8. 8. In this and the next chapter, we look at some larger performancemanagement issues. Here we look at the awkward positioning ofmost human resources departments (HR) and how their responsibil-ities and reporting relationships militate against positive performancemanagement changes. Then in Chapter 15, we consider how those incharge can improve performance management processes across thecompany.Even if you are never involved in large-scale changes, read thesechapters because you’ll learn about the challenges HR departments faceand the role they can play in improving management techniques.A True StoryWhen I was first engaged as a consultant to the CEO of a large company(about 1,000 employees) to improve its performance management sys-tem, I was excited. It’s rare to get such an opportunity. The CEO, Don,had clear ideas about how he wanted a new system of performancemanagement that could be applied across all job categories, from direc-tors to janitors. His stated goal was to leave his “imprint” on the organi-zation that would last after he had gone.He was also clear that he wanted the initiative to be “homegrown,”led by internal staff and not by an external consultant—generally a goodHuman Resources andPerformance Management14Chapter169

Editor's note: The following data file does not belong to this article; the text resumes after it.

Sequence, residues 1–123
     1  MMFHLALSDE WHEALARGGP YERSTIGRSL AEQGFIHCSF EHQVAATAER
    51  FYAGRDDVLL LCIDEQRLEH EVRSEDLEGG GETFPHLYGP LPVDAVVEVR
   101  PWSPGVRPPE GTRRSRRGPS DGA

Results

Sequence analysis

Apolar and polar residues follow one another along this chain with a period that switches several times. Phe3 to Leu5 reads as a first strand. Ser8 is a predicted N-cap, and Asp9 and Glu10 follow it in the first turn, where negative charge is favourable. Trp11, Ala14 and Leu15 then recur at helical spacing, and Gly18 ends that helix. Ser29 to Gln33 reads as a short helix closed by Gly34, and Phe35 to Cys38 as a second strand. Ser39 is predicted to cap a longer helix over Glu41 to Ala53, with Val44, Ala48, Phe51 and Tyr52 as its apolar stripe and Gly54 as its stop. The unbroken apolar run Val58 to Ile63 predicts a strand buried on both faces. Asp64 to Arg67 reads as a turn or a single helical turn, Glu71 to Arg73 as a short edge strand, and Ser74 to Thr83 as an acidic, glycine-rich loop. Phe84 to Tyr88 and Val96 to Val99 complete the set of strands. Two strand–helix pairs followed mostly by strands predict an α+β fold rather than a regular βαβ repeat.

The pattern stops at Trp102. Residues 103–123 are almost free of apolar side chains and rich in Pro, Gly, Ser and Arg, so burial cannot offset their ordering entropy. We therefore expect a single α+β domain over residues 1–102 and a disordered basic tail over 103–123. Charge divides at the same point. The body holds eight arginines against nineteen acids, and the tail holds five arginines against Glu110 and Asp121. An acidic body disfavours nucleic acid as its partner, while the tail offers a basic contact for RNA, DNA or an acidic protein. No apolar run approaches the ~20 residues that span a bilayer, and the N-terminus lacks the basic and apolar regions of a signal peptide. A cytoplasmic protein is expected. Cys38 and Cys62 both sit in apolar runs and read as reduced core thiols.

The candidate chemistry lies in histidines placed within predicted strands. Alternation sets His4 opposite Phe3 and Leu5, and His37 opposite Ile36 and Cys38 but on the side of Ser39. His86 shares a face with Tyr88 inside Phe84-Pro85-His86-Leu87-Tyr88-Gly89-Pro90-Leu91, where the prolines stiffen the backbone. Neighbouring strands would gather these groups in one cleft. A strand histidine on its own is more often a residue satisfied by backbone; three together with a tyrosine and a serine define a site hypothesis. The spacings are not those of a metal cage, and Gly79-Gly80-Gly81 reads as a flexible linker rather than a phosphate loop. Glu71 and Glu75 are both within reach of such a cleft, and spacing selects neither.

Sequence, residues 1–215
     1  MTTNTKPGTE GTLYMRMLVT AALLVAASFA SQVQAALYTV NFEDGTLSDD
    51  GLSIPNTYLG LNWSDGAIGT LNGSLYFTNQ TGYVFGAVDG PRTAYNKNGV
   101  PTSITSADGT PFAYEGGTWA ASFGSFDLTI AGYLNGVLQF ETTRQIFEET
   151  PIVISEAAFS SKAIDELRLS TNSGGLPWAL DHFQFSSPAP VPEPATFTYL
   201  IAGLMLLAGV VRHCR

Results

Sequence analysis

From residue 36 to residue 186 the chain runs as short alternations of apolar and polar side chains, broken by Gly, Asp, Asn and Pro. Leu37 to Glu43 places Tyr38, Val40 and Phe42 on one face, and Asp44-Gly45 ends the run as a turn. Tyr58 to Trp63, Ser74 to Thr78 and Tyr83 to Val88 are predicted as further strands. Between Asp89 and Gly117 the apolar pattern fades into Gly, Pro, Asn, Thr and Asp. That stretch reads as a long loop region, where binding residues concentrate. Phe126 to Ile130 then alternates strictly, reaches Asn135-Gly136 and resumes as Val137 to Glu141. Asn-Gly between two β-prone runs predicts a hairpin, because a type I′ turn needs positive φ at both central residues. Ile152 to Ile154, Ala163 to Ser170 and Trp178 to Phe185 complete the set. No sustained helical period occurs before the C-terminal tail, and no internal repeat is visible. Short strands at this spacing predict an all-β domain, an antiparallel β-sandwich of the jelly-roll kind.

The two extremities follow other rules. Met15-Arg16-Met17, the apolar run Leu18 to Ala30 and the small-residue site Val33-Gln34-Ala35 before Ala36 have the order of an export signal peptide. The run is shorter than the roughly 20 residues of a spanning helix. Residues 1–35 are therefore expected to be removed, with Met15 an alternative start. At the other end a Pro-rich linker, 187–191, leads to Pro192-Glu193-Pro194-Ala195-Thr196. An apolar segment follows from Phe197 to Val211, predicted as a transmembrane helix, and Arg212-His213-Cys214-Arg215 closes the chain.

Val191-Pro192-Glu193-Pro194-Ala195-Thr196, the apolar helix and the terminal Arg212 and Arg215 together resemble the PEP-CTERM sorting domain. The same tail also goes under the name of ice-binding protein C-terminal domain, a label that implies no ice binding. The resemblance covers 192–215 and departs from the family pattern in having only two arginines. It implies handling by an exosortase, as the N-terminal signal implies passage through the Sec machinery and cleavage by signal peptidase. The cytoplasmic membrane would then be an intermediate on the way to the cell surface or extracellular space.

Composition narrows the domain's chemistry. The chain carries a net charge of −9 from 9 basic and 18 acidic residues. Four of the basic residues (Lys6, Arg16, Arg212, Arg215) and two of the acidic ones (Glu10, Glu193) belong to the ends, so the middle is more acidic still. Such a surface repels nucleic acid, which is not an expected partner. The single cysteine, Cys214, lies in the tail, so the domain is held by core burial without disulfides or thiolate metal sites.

9. 9. strategy for organizationalchange. He suggested an inter-nal working committee consist-ing of one or two employees,several departmental directors,myself, and a member from thepolicy analyst group, all underthe lead of the HR department.So far so good.We did a lot of thingsright. We met regularly to planstrategy and tactics. We cre-ated survey instruments to get input from both employees and managers,and we developed new documents and forms. We even created somepositive hopes and expectations in the organization about the new sys-tem. The project went on for over a year. It was a big undertaking, and wewere intent on doing it right.When we were close to the finish line, we were asked to present ourfindings to the executive board, including Don, and Don’s eight vice pres-idents. Because Don wanted a system developed internally, the HR repre-sentative was chosen to present our recommendations, strategies, andtactics to the board. It was the critical step in the change process. Noexecutive commitment, no change, a year of work was in the balance.The HR representative, Bob, stood up in front of these powerful peo-ple and started rambling on about how good the forms were and how oursuggestions would simplify the tasks of the HR department. Five minutesin, I knew we were in trouble. When you present to a group of powerfulpeople, you can tell whether there is buy-in or not. Buy-in shows itself inthe body language, facial expressions, and types of questions asked. In thiscase, no smiles. No body language that suggested a connection with therecommendations. The questions asked were off-point, skeptical.I sat there with a nasty feeling in my gut. While I tried to steer thepresentation in a more positive direction, I was handcuffed by the HRrepresentative, who not only lacked decent presentation skills, but com-pletely misread executive board members.Manager’s Guide to Performance Management170PURPOSE OFPERFORMANCEMANAGEMENT SYSTEMTake heed.The only valid rea-son for reviewing perfor-mance is to improve it. If your companyis motivated by other purposes, not onlywill it not improve performance, but itwon’t achieve those objectives either.Having too many purposes gets in theway of making your performance man-agement system work better.CAUTION